The social media giant must receive express consent from users before sharing more of their information publicly
Facebook has reached a settlement with the Federal Trade Commission over charges that it violates users personal privacy.
The FTC decision should send a strong signal to other tech companies that mine the personal information of web users for profit.
In the case of Facebook, the commission alleged that the social networking giant did not properly alert its members after overhauling default settings that made more of their information publicly accessible.
The settlement requires Facebook to give consumers "clear and prominent" notice about any changes to privacy settings and to obtain their consent before their information is shared.
The company also will have to undergo periodic audits of its privacy practices over the next 20 years.
In a release touting the settlement, no mention was made of any cash penalty.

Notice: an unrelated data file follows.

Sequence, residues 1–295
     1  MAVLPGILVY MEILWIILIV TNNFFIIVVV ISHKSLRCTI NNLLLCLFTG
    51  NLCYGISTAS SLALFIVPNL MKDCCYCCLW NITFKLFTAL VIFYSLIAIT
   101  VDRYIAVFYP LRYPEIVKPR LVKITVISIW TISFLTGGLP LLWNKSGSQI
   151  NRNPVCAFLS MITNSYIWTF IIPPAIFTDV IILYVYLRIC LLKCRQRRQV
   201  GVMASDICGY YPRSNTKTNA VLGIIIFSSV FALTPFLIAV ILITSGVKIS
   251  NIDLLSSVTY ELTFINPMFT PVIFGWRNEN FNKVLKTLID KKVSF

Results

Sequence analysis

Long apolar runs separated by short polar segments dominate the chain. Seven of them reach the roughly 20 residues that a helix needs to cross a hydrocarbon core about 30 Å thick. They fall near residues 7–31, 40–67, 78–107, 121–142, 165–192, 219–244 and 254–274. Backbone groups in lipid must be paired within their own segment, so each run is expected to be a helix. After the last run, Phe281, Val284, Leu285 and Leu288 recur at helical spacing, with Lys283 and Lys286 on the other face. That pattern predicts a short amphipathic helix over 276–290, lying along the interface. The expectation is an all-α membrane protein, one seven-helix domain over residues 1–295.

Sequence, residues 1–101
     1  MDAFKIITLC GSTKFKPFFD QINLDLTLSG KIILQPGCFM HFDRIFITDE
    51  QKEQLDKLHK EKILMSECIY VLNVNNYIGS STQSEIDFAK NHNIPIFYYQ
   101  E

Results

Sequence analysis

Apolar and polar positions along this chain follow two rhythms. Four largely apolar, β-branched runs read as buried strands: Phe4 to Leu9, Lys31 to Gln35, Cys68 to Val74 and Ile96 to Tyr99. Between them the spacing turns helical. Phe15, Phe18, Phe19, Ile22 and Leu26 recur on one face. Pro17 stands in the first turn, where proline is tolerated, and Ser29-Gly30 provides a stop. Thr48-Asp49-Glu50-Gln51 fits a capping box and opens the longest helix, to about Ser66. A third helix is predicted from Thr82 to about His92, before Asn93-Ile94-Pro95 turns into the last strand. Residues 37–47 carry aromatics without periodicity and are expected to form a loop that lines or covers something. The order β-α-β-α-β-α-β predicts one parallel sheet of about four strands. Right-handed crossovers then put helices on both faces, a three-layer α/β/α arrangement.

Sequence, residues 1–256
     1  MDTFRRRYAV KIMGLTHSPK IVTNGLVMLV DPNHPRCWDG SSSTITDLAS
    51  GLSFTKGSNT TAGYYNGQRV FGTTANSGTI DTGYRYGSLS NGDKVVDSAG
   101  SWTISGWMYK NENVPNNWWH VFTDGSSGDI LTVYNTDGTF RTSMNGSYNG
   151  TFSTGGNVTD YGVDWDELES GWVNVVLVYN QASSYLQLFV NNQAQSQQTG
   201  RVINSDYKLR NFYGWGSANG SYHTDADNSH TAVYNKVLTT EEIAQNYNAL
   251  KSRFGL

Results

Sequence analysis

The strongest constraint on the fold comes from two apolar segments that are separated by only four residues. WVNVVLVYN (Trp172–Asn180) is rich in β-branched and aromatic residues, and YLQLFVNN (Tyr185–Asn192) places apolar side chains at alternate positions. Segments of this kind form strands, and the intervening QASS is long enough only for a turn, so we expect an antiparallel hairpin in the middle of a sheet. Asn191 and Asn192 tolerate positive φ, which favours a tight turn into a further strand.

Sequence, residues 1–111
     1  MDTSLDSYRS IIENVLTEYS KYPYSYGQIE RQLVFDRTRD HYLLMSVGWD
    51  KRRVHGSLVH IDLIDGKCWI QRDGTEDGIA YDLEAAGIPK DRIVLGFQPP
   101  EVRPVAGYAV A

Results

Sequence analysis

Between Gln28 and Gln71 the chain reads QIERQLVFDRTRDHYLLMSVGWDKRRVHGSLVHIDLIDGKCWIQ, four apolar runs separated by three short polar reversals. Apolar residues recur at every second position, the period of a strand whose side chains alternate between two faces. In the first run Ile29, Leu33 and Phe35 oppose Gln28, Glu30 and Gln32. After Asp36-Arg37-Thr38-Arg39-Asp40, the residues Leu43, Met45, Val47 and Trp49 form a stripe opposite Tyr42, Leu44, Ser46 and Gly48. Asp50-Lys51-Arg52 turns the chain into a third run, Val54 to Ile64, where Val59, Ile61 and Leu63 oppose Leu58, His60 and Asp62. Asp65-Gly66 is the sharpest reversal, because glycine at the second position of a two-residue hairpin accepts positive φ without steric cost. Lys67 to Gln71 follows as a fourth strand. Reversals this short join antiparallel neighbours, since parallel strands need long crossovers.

"Facebook is obligated to keep the promises about privacy that it makes to its hundreds of millions of users," FTC Chairman Jon Leibowitz said in a statement. "Facebook's innovation does not have to come at the expense of consumer privacy. The FTC action will ensure it will not."
The commission voted unanimously to approve the settlement, which comes as Facebook is readying an initial public offering that is reportedly scheduled to take place in the spring of 2012. Analysts had fretted that controversies over Facebook's use of private information could cloud the tech company's market debut.
It also takes place as the Obama administration, members of congress, and the FTC itself are taking steps to crack down on internet companies that infringe upon users personal privacy.
"I am glad that the FTC has given much needed attention to Facebook’s practices and privacy policies,” Joe Barton (R-Texas), co-chairman of the Bi-Partisan Privacy Caucus, said in a statement. “Social networking is about connecting with friends, family members and customers. There is a level of trust involved that should not be violated. I was disappointed when Facebook made user profiles public by default and without adequate notice. The Commission and Facebook are both making a strong statement today with their settlement terms: consumer privacy matters.”